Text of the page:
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SOUNDS ODD  by Elizabeth Holmes
Fun Facts on the Science of Sound
#18: The 'Feel Better' Drink - Water!

Note: The author is Business Director and Gamemaster at Voice Over Virtual - the giant 3-day totally online voice over conference in September.

Did you know that paying attention to your thirst level - and drinking water when you need it - improves your reaction time, your memory and your mood?   

As voice actors, we all know the importance of staying hydrated for our performances behind the mic. Among other things, drinking water helps us eliminate certain kinds of mouth noise and soothe dry throats. 

But for some of us, drinking water can also help us think better and project a more positive demeanor.   


Do you feel grumpy? Maybe you’re thirsty. Important research on this came out a few years ago when the U.S. Department of Agriculture published a study on how dehydration affects our moods and our ability to use information. 

Because athletes commonly lose between 2% and 4% of their body weight during exercise, a team of researchers at Tufts University in Boston led by biological psychologist Kristen D’Anci decided to use athletes to study the effects of dehydration. 

Thirty male and female Tufts students were recruited for the tests. Half of the group drank water during and after exercise, and half were denied water. After exercise, participants took tests designed to measure their cognitive abilities, their memories and their moods. 

Guess what? By comparison to the hydrated group, the group that didn’t get water was significantly more tired, more confused and grumpier.  


Do you really need water? Or just think you do?

Taking this research one step further, scientists at the University of London’s School of Psychology led by Caroline J. Edmonds recently completed research to find out how feeling thirsty affects us. 

How did they do it? They tested the same group of participants on two different days. Both times, participants abstained from drinking fluids from 9 p.m. the night before the test.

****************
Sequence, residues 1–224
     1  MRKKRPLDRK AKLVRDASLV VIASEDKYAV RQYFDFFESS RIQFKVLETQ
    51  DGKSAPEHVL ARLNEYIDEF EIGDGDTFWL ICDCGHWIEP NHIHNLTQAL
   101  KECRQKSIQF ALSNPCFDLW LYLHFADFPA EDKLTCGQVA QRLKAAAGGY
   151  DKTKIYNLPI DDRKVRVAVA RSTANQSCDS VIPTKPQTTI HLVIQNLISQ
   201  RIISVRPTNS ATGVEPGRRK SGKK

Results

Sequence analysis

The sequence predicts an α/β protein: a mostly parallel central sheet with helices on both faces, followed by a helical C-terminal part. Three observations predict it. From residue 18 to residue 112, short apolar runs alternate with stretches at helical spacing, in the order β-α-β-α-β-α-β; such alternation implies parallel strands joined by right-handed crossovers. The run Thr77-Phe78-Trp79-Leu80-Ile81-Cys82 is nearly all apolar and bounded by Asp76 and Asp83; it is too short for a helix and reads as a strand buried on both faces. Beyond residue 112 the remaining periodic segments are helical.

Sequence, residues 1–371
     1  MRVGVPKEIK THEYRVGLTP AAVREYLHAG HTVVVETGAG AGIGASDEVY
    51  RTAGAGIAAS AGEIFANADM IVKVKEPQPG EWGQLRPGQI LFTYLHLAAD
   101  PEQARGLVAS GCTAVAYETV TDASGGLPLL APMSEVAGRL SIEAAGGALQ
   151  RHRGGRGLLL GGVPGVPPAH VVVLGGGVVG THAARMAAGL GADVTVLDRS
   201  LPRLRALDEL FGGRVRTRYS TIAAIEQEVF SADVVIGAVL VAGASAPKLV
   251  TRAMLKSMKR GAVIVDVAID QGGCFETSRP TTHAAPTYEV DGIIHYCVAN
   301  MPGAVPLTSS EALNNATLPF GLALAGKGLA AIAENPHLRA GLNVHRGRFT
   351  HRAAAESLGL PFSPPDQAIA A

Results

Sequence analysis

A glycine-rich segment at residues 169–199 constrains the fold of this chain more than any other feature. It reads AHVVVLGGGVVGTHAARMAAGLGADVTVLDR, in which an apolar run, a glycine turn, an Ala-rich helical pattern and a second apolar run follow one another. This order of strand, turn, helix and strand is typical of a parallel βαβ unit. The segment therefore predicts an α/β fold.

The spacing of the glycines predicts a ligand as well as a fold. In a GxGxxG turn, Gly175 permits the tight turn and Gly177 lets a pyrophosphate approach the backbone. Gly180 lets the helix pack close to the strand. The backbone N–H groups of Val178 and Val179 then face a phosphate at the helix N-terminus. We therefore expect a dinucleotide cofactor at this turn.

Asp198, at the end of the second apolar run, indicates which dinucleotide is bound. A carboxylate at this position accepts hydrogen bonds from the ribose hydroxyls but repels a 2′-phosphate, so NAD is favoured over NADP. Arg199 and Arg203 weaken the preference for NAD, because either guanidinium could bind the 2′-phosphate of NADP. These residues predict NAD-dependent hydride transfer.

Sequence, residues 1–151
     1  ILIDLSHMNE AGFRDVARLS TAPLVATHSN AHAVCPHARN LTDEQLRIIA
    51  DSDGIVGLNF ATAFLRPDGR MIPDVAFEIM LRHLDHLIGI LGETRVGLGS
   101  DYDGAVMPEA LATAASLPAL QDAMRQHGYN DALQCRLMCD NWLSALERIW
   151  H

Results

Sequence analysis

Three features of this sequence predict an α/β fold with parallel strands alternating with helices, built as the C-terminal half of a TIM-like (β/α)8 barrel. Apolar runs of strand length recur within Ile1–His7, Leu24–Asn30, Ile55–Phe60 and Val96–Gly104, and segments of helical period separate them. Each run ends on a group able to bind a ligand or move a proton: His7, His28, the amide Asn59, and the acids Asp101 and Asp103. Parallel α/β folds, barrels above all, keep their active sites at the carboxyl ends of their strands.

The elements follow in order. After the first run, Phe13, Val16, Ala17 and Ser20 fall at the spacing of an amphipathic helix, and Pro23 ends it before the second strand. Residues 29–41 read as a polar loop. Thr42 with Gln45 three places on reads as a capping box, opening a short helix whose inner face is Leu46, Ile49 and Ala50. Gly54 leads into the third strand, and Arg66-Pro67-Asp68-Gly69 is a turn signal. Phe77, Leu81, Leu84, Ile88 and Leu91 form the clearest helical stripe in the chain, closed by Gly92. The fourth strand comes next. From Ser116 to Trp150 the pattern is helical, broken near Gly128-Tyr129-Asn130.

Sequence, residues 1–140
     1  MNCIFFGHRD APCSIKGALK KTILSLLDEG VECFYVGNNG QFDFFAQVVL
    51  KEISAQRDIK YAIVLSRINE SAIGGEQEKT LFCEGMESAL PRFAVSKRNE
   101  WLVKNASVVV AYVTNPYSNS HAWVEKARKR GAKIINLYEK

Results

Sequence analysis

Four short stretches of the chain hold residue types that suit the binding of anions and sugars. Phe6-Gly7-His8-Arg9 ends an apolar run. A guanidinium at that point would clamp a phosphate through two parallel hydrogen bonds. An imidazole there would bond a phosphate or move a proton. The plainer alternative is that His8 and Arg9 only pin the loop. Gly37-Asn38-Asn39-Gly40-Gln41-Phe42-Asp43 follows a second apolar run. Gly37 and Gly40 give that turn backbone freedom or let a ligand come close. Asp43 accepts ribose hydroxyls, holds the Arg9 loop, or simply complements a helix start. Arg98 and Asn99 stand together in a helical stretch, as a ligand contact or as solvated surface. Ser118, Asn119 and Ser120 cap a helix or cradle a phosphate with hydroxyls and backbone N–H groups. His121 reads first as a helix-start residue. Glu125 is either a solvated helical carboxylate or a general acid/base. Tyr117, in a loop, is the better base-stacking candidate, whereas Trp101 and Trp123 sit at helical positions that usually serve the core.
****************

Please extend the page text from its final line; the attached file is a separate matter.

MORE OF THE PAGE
On Day 1, they received a cereal bar and water. On Day 2, they received a cereal bar only – no water. 


The test revealed conflicting results. Being thirsty appears to affect our ability to concentrate.  Scientists speculate that when we’re thirsty, no matter how hard we try to ignore it, a part of our brains is always focused on trying to satisfying our thirst. So we’re distracted, and our attention suffers. 

Edmond’s tests revealed that thirsty participants lagged behind their ‘quenched’ participants by 14% on reaction time tests, (pressing a button in response to seeing target images on a computer screen).  

On the other hand, being thirsty may actually improve our performance on other tests. 

The hormone vasopressin activates our thirst response, and has been linked to attention and arousal. Further study is need to figure out which tasks are enhanced by thirst, and which are impaired. Dehydration is NOT pretty!  


Still skeptical about the benefits of water?  Consider this progression:  
  • Mild Dehydration – Symptoms: Thirst, dark urine, fatigue, headache, lack of appetite, irritability, dizziness, constipation  
  • Moderate to Severe Dehydration – Symptoms: All of the above, plus lethargy, nausea, tingling limbs, rapid pulse, seizures, delirium, death  
So, stay safe, stay hydrated, but don’t overdo it.  

Too much water can flush minerals out of your body and disrupt your electrolyte balance.  Fortunately,  "Water Intoxication” (yes, that’s really what they call it) is extremely rare.  

Most of us get it exactly right when we let our thirst be our guide.        

To learn more about the dehydration studies mentioned in this article, please see:  Dehydration Affects Mood, Not Just Motor Skills and  Subjective thirst moderates changes in speed of responding associated with water consumption.

Elizabeth Holmes is a writer, voice actor, and staff editor at VoiceOverXtra, based in Northern California. She is also editor of VoiceOverXtra's book division, including Voice Over Legal, by voice actor / attorney Robert Sciglimpaglia.


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